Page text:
Doing the Work with Byron Katie

2. emotive self-care 5. cognitive self-care self-care books Jan 31, 2016
doing the work with Byron Katie

In 2016 I attended one of Byron Katie's mind-bending workshops. That's when I really started believing in The Work

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If you're not familiar with Katie's work, I highly suggest her book Loving What Is,* especially if you're struggling to move through one of life's heavier moments. 

It's one of the only books I held onto when I downsized my life and lived in a van a couple of years ago. I still reference it now and then whenever I feel overwhelmed and lost.

A Method of Inquiry

Katie developed The Work, which is a unique method of inquiry, during her “ten-year-long downward spiral” into depression. Through that experience, she discovered that her thoughts were the cause of her suffering, and she now believes that suffering is optional.

In her book, she explains it this way: “The Work reveals that what you think shouldn’t have happened should have happened. It should have happened because it did…”

Her belief that “the truth is whatever is in front of you, whatever is really happening” is hard for most of us to accept because we’ve created our own truths and beliefs over the course of many years -- and we guard them closely.

The process of inquiry consists of four simple questions:

  1. Is it true?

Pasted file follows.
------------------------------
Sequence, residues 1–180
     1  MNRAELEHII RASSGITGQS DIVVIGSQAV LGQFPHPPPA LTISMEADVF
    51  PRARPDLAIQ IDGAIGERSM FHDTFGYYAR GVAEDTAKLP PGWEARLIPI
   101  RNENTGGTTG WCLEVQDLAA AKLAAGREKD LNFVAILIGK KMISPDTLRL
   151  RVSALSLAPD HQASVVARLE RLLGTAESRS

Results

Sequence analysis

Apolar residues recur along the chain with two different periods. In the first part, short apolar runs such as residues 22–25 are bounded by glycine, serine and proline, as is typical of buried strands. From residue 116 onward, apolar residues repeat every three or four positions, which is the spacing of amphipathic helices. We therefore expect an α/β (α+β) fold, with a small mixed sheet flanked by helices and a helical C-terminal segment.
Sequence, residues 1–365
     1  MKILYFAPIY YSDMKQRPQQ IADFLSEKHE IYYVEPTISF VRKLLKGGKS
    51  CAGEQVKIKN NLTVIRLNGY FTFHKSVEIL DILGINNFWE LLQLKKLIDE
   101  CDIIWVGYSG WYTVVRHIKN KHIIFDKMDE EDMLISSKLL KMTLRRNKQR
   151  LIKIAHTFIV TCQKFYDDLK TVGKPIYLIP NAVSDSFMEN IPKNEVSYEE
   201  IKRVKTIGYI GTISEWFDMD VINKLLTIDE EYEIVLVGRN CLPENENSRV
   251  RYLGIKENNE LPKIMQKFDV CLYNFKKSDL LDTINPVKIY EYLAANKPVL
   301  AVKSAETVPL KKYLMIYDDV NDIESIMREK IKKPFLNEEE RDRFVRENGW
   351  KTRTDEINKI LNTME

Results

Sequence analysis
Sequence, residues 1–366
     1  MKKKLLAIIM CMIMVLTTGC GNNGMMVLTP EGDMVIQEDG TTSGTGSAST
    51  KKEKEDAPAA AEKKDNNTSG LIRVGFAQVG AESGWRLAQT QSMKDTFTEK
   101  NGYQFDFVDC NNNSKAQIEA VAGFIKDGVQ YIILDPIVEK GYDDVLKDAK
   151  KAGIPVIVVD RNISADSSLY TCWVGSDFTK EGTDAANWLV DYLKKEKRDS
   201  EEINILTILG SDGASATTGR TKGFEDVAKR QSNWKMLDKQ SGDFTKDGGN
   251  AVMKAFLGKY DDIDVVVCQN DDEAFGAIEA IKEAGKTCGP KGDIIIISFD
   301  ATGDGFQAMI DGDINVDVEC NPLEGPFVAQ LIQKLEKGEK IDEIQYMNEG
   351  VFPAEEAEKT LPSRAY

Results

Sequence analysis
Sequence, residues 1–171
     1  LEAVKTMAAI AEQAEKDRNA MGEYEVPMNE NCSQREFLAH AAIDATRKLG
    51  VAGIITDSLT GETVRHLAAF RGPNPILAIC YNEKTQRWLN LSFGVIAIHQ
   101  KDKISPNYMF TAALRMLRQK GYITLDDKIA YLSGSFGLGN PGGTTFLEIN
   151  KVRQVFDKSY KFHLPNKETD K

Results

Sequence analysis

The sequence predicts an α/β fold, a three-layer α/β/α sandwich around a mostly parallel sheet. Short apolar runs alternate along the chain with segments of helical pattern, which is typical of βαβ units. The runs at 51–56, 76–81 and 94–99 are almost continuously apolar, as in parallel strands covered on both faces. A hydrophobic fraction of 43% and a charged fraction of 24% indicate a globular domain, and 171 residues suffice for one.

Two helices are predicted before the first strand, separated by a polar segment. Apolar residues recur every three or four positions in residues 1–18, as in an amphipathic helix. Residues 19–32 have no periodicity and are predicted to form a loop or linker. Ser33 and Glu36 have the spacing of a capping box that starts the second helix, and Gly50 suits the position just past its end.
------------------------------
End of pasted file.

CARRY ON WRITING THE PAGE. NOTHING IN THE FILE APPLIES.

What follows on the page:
2. Can you absolutely know that it’s true? 
  3. How do you react, what happens, when you believe that thought?
  4. Who would you be without that thought?

The Workshop

I arrived at Katie's workshop to find nearly 800 other people filling the sanctuary at the Center for Spiritual Living in Seattle.

Clearly, I wasn’t the only one who felt drawn to this topic.

The stage was simply set: a plush chair along with a couch and some pillows, a coffee table, and an end table that was decorated with a beautiful bouquet of flowers.

A few men peppered the audience, most of whom appeared to be accompanied by a female companion, but the overwhelming majority of attendees were women. Brightly colored personalities chattered in anticipation as we waited.

A woman behind me complained, “Places like this should make rules about how many seats you can save!” Everyone seemed to be looking for the best seat to watch Katie in action. Another woman sat quietly crocheting in her seat. Staff members began distributing tissues throughout the room, prompting the man seated next to me to comment, “Their tissue budget must be pretty extensive.”

I wasn’t surprised because I personally sobbed like a baby after reading Loving What Is,* and I used a whole box of tissues myself.

Reframing Thoughts

The next step is where you get plowed by a Mack truck.

When you reframe your thoughts, turning them around to their complete opposite (and making yourself responsible for the thoughts) your ego goes into panic mode.

According to Katie, “You see who you are by seeing who you think other people are.”

The fourth question teases out what we want and need from other people, but according to Katie, this is our own prescription for happiness.

When we confront our thoughts, challenging our strongly-held beliefs straight on, it can be scary. Our mindset -- what we think -- has the power to dictate so many things in our life, including how we show up to take care of ourselves.

After taking the stage, Katie began opening us up to the world of inquiry, asking a few questions to prepare us for what was to come.

She asked us to imagine that we'd just taken a bite out of a lemon. Most of us immediately began experiencing the sourness of the lemon that didn’t exist, and we began salivating as if we had taken a bite – except we hadn’t. We’d only imagined we had. And it was our imagination that was the cause of our suffering.